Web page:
For many of us hunting is a year-round endeavor; planning, scouting, training, and finally the opening day is upon us. February of 2016 began no different for me, as I started training for the upcoming season. Hauling a fifty-pound bag of sand in my pack up the local “bitch hill” a few times a week, is my training of choice for upcoming backpack hunts.
Having explored most of the mountains near our homes, my hunting partner and I were ready for the challenge of unfamiliar terrain. Pictures and online videos of huge bucks — for Sitka Blacktails at least — from alpine hunts in the southeast sent to us by friends had been in the back of our minds for far too long.
On March 13th, 2018, the Wild Sheep Foundation (WSF) was notified by Alaska Department of Fish and Game (ADF&G) officials that Mycoplasma ovipneumoniae (commonly referred to as M.ovi) has been documented in at least 4 Dall’s sheep and 2 mountain goats in Alaska.
I couldn’t believe my eyes. When I checked the results in May of 2017 and realized that I had drawn a once-in-a-lifetime mountain goat tag, it felt too good to be true. I had always dreamed of drawing the coveted tag, but never expected it to happen at the young age of twenty-six.
How does a bowhunter respond when his dream animal has pinned him down, and is staring through his soul from twenty-two yards away? Slowly, the animal — uncertain of what he saw move — circles around the hunter’s crouched position.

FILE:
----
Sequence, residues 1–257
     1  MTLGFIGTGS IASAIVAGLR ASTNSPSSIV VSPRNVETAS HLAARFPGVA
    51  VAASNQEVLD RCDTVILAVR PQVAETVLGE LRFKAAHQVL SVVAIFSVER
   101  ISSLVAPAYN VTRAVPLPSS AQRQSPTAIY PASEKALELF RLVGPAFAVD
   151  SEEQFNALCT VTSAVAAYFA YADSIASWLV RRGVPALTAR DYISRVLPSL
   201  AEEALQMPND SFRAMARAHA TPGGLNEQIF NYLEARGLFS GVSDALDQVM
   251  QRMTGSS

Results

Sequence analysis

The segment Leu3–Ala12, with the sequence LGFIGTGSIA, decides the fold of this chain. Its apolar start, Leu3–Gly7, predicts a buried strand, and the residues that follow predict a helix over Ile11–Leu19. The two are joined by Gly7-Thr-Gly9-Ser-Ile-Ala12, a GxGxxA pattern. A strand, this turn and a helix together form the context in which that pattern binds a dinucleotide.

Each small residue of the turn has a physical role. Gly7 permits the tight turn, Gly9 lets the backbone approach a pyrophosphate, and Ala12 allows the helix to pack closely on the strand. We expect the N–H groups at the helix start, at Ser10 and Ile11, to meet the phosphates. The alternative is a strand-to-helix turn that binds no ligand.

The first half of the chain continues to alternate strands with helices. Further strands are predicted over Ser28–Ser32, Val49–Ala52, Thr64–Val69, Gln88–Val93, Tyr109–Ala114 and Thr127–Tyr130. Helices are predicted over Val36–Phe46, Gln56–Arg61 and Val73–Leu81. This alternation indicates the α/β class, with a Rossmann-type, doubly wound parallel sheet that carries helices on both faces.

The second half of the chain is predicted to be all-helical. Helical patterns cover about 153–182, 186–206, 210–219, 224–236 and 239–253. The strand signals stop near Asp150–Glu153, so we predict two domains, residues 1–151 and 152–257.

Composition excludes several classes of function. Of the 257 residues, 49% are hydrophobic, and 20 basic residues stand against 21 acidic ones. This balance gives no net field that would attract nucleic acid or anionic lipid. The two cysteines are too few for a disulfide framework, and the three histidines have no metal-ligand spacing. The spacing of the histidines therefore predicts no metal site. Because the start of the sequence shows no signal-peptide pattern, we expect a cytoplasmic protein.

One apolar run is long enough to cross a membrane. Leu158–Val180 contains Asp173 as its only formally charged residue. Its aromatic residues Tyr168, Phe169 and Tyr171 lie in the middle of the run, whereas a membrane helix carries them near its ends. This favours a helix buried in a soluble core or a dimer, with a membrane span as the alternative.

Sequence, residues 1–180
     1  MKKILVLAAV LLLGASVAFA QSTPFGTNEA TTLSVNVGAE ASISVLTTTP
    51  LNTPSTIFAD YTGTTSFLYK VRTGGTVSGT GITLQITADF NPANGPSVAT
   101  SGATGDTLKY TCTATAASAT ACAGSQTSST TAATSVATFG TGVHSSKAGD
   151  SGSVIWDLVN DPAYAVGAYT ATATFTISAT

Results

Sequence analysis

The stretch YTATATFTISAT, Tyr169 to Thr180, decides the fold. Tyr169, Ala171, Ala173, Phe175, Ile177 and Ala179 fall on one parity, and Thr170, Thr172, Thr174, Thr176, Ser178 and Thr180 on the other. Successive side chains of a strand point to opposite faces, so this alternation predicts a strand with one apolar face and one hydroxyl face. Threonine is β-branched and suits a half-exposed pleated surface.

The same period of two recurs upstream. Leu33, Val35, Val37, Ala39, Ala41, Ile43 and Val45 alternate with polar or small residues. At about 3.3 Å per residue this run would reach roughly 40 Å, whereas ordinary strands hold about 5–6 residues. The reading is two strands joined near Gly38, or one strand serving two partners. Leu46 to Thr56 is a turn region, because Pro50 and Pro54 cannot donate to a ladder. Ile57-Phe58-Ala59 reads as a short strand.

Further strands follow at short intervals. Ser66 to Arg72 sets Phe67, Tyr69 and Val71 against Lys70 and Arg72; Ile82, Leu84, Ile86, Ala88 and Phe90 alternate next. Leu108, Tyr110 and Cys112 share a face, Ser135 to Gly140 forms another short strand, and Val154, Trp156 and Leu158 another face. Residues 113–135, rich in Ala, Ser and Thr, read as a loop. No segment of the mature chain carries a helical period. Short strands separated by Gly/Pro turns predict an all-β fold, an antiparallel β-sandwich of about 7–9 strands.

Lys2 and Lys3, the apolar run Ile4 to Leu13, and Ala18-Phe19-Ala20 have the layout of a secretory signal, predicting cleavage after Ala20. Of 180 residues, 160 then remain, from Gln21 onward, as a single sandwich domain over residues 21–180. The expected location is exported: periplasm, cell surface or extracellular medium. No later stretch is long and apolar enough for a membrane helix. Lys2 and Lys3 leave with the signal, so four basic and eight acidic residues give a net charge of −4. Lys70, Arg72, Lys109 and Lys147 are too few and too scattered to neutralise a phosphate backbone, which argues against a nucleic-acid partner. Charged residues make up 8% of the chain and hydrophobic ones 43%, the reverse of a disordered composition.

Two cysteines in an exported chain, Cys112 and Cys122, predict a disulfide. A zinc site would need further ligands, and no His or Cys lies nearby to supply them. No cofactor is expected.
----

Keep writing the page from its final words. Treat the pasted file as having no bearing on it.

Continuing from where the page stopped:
To classify all hunters with one broad stroke of a brush would be akin to using the term “mammal” as a descriptor for every ungulate in British Columbia. Certainly this term is not incorrect; it simply lacks the appropriate nuance. Unsurprisingly, the majority of my friends are hunters, though some of them couldn’t be further apart in their views.
As any seasoned hunter knows, the preparation for a mountain hunt starts early. Planning for an Alaskan Dall sheep hunt is certainly no exception. This was our third Dall sheep hunt in Alaska, but it seemed different this time. Not only would this trip be just my brother, Kenton, and I, but our common goal was for me to get my first sheep.
“Don’t drown him; Mom will be pissed.” The backpack straps dug deep into my shoulders and the black flies flew like kamikaze pilots into my eyes and ears. It was all I could keep telling myself as my younger brother followed me out on his first backcountry hunt.
Located within the Central Cariboo Region of British Columbia, Canada, at the confluence of the Chilcotin and Fraser Rivers, the Junction Sheep Range Provincial Park (Junction Park) consists of a diverse landscape, rolling grasslands, river valleys, forests, cliffs and hoodoos.